How: This could be as simple as the staff sharing their expertise or you could bring someone in who wouldn’t mind volunteering some time to help present on a specific topic.


  • If lunches just wouldn’t work for your service area, try a Saturday morning or Thursday evening – the time is flexible.
  • I’d also love to try a How-To Fair where people setup tables in a variety of locations in your library and teach people how to do something for 30 minutes and then someone else teaches people about a different topic. These look like a lot of work to set-up, but so much fun!


During the month of April, I’ll be participating in the 2018 Blogging from A to Z Challenge. For this year’s theme, I’ll be offering you a library program plan with everything you to need to re-create it at your own library. Most of these programs we’ve offered in the past, others are programs I’d like to try in the future. I’m always looking for new inspiration and I thought you might be too!

60 STEM Titles for 3-6 Year Olds

15 Mar

We often are asked by parents for “science books for preschoolers” and after a reference interview, we find that they are looking to teach their kids a variety of science concepts at a young age and finding books that are academic enough to satisfy the parents can be difficult. I created the list below filled with nonfiction titles, but also picture book titles that introduce some basic science concepts, but are still developmentally appropriate for a very young audience. I created a math list previously on this site (14 Picture Books to Introduce Math Concepts), so stop by that list for math titles (you won’t find them repeated here). These are just a few, there are more than I could ever put into a list, but find a few of these as a jumping off point! Enjoy!

stem preschool.png


  1. Ada Twist, Scientist by Andrea Beaty
  2. Charlotte the Scientist is Squished by Camille Andros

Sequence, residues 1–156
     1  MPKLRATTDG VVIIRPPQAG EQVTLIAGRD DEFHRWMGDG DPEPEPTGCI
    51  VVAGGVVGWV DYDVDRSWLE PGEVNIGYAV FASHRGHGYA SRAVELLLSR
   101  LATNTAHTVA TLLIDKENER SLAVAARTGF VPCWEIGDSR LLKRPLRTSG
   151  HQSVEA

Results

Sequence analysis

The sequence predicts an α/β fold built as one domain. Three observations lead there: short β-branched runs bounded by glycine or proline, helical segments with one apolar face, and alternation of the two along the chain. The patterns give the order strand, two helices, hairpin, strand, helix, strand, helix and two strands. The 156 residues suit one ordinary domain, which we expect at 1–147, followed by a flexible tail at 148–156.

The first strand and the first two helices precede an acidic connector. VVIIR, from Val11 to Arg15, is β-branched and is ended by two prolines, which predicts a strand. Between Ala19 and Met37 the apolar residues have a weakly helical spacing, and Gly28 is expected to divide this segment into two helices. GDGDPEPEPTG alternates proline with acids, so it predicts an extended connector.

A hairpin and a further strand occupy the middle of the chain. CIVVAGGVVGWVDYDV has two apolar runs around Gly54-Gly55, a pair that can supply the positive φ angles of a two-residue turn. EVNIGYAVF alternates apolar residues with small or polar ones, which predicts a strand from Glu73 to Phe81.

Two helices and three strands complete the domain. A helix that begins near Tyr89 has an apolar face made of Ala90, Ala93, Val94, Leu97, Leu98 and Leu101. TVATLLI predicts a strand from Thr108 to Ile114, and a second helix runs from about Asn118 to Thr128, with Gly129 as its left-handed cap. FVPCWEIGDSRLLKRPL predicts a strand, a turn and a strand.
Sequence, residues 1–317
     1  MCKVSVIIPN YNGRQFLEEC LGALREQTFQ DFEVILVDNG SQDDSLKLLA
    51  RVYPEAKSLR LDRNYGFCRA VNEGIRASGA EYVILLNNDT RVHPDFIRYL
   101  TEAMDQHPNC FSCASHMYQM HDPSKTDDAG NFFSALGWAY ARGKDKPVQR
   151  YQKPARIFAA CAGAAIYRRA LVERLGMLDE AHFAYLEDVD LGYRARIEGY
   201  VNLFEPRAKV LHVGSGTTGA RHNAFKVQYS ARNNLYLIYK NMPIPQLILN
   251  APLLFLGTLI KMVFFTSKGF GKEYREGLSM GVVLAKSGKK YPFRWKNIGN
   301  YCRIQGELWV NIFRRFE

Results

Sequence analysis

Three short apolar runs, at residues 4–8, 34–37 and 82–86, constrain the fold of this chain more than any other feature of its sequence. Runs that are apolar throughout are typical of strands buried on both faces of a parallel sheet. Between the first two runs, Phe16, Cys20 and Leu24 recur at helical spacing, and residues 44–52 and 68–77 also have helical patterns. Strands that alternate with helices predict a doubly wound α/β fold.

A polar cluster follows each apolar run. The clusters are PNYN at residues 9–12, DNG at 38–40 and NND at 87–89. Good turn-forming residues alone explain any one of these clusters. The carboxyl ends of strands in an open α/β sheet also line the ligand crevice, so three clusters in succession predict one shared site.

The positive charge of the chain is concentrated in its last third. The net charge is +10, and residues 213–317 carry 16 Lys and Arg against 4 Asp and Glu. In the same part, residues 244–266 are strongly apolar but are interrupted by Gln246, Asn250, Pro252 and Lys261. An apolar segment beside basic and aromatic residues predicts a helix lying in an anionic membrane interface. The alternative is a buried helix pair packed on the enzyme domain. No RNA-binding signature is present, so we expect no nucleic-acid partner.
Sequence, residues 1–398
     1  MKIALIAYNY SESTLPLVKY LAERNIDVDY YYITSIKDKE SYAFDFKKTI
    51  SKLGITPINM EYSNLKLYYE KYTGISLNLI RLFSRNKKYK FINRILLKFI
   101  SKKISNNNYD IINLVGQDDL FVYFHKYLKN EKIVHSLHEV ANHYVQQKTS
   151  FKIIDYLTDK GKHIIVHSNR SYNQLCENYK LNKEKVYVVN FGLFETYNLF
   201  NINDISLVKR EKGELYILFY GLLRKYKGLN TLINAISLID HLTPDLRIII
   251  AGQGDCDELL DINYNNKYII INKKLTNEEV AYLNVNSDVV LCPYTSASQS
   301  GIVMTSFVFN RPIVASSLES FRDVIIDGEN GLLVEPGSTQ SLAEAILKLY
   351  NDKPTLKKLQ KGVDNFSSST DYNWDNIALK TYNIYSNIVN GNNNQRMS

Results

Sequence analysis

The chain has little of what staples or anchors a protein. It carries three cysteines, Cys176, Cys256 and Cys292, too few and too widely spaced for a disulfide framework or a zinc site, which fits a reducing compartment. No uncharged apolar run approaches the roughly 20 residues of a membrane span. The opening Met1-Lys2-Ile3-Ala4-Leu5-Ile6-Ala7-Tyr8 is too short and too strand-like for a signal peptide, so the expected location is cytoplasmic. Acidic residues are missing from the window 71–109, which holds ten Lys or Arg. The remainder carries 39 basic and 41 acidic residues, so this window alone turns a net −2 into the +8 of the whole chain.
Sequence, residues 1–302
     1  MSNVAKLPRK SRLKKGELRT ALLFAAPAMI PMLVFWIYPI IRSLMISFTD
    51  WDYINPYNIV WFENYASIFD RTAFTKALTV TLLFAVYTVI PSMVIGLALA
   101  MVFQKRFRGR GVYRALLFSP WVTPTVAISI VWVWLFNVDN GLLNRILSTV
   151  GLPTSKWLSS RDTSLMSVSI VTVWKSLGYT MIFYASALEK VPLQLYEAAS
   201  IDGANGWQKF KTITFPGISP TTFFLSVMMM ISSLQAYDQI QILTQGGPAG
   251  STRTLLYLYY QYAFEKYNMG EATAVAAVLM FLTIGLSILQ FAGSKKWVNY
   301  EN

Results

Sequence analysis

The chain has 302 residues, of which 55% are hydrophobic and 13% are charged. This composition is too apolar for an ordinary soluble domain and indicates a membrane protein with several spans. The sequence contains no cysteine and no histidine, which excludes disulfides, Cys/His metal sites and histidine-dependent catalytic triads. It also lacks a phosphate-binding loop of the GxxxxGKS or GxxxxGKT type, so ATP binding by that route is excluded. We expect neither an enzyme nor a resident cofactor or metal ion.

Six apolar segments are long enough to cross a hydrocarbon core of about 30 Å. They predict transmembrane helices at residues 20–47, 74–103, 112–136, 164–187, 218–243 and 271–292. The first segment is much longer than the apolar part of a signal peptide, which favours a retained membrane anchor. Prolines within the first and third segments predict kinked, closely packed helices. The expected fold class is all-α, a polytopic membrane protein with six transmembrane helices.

3. Citizen Scientists: Be a Part of Scientific Discovery from Your Own Backyard by Loree Griffin Burns
  4. National Geographic Little Kids First Big Book of Why by Amy Shields
  5. What Is a Scientist? by Barbara Lehn


  1. Best In Snow by April Pulley Sayre
  2. Calendar by Myra Cohn Livingston
  3. Cloudette by Tom Lichtenheld
  4. Leaves by David Ezra Stein
  5. Old Bear by Kevin Henkes
  6. Our Seasons by Grace Lin and Ranida T. McKneally
  7. Over and Under the Snow by Kate Messner
  8. Raindrops Roll by April Pulley Sayre
  9. Water is Water by Miranda Paul
  10. The Wind Blew by Pat Hutchins


  1. A Butterfly Is Patient by Dianna Hutts Aston
  2. Diary of a Worm by Doreen Cronin
  3. DK First Animal Encyclopedia
  4. First the Egg by Laura Vaccaro Seeger
  5. I’m Trying to Love Spiders by Bethany Barton 
  6. Lifetime: The Amazing Numbers in Animal Lives by Lola M. Schaefer
  7. Over in the Jungle: A Rainforest Rhyme by Marianne Collins Berkes
  8. A Nest Is Noisy by Dianna Hutts Aston
  9. Parrots Over Puerto Rico by Susan L. Roth and Cindy Trumbore
  10. Who Am I? by Steve Jenkins

Human Body

  1. Bones by Steve Jenkins
  2. The Busy Body Book by Lizzy Rockwell
  3. DK First Human Body Encyclopedia
  4. From Head to Toe by Eric Carle
  5. I Hear a Pickle (And Smell, See, Touch, and Taste It, Too!) by Rachel Isadora
  6. Inside Your Outside! By Tish Rabe
  7. The Magic School Bus Inside the Human Body by Joanna Cole
  8. Me and My Amazing Body by Joan Sweeney
  9. My Five Senses by Aliki
  10. Seven Blind Mice by Ed Young

Outer Space

  1. If You Decide to Go to the Moon by Faith McNulty
  2. Little Kids First Big Book of Space by Catherine D. Hughes
  3. Papa, Please Get the Moon for Me by Eric Carle
  4. The Sun Is My Favorite Star by Frank Asch
  5. Zoom, Rocket, Zoom! By Margaret Mayo


  1. Because of an Acorn by Lola M. Schaefer
  2. Grand Canyon by Jason Chin
  3. Growing Vegetable Soup by Lois Ehlert
  4. In a Small, Small Pond by Denise Fleming
  5. Jack’s Garden by Henry Cole
  6. Over and Under the Pond by Kate Messner